Sandow has also extensively written and researched unidentified flying objects, notably for the International UFO Reporter, a quarterly publication of the Center for UFO Studies.

Sandow is married to Anne Midgette, herself a former classical music reviewer for The New York Times and now chief classical music critic for The Washington Post. Sandow dedicated his "Quartet for Anne" to his wife. They live in Washington, D.C., and Warwick, New York. They have one child, Rafael Aron Sandow, born October 15, 2011.




What does music mean to you personally?

I have no idea how to answer that! But maybe I could say that of course music is powerfully expressive. Though that’s pretty obvious. Beyond that, I have two special, personal ways of relating to music. First, any music is in some way a construction. Sounds happen. Both horizontally (so to speak) and vertically. One sound after another, and also many sounds at once. How they fit together fascinates me. It’s something all kinds of music have in common — that sounds happen, and they fit together in countless ways.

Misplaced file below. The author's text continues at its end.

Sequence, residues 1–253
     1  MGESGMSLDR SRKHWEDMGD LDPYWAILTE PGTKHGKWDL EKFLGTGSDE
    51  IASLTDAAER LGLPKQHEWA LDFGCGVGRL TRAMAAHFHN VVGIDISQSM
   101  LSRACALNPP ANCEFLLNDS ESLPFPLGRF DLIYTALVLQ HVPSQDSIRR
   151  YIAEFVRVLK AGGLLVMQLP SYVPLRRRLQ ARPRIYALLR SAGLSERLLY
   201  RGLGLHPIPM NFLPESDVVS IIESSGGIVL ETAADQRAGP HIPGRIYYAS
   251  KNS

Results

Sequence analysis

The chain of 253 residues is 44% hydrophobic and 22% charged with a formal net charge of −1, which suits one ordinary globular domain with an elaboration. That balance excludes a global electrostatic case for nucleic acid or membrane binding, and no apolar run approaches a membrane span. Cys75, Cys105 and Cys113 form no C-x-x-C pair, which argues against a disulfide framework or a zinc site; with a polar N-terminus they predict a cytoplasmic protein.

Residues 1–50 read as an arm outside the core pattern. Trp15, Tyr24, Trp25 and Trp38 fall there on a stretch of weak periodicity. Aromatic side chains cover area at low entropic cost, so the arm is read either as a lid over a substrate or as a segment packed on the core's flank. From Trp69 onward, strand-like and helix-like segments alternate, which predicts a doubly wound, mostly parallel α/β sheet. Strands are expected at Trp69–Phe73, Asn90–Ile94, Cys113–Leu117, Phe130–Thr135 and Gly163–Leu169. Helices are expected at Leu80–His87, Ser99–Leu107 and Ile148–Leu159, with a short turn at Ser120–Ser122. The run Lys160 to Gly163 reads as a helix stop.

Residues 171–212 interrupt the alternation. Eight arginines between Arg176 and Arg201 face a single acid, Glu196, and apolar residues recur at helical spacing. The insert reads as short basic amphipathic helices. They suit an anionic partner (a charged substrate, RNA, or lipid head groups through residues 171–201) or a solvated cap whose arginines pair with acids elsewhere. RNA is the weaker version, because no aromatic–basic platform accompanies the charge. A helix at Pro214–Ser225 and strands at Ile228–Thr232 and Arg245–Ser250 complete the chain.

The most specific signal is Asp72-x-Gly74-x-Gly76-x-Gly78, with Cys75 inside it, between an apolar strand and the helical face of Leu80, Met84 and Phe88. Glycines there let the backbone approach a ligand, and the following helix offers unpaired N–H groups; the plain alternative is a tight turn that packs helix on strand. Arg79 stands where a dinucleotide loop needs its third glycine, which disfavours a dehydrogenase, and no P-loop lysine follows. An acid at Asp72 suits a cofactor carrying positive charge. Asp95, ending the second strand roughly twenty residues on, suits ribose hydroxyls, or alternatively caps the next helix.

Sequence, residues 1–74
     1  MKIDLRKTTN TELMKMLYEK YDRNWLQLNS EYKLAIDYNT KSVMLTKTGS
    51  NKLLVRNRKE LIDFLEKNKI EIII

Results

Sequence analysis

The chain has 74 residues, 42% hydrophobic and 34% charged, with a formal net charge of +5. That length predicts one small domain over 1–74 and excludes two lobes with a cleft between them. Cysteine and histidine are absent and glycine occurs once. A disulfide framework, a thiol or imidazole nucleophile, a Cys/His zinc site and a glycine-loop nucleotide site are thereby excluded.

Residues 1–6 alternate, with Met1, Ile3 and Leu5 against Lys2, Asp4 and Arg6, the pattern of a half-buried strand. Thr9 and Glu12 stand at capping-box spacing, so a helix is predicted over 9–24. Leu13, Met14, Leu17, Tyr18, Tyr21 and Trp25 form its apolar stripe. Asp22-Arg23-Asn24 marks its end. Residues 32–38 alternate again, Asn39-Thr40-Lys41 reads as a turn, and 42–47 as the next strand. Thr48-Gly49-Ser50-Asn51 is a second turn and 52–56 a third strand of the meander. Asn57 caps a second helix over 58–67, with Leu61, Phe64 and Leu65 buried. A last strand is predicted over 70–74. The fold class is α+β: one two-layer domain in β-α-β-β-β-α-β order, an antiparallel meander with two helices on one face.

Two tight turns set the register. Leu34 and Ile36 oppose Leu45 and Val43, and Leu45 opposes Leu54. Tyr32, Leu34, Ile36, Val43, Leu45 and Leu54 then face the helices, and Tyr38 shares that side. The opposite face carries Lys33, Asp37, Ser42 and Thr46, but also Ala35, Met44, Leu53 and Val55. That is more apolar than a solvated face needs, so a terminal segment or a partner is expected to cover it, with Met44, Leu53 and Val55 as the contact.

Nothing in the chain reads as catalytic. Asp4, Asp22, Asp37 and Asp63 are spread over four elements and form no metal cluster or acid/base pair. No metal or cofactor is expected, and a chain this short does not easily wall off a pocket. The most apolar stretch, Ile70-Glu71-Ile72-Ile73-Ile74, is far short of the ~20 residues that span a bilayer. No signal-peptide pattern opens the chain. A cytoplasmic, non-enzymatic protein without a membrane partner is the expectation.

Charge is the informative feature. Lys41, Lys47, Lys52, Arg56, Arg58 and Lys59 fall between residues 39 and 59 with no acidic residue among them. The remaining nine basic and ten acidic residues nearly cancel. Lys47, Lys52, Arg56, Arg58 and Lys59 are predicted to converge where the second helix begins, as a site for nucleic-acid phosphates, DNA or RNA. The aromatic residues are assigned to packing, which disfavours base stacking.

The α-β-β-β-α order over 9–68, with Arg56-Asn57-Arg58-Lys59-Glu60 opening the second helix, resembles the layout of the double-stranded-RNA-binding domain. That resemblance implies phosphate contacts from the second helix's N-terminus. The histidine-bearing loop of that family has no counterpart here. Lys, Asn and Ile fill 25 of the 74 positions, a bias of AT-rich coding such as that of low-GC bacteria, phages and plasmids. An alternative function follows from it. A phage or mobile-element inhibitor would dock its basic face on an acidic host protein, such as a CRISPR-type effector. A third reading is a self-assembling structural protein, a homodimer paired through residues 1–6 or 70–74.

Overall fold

Then, second, music is a powerful expression of culture. I’ve been involved, as audience or professional, with some powerful times when new kinds of music evolved. All of them expressing something new going on in the culture. The rise of rock & roll in the 1950s, the rise of ‘60s rock in the ‘60s, the emergence of minimalism in the 1970s and 1980s, the explosion of punk in the ‘70s, the rise of hiphop. Such energy in all of these movements! And quite apart from the new things in the culture that all of these styles expressed, all of them evolved new ways in which music was constructed. Heaven for me to go deep into all of it.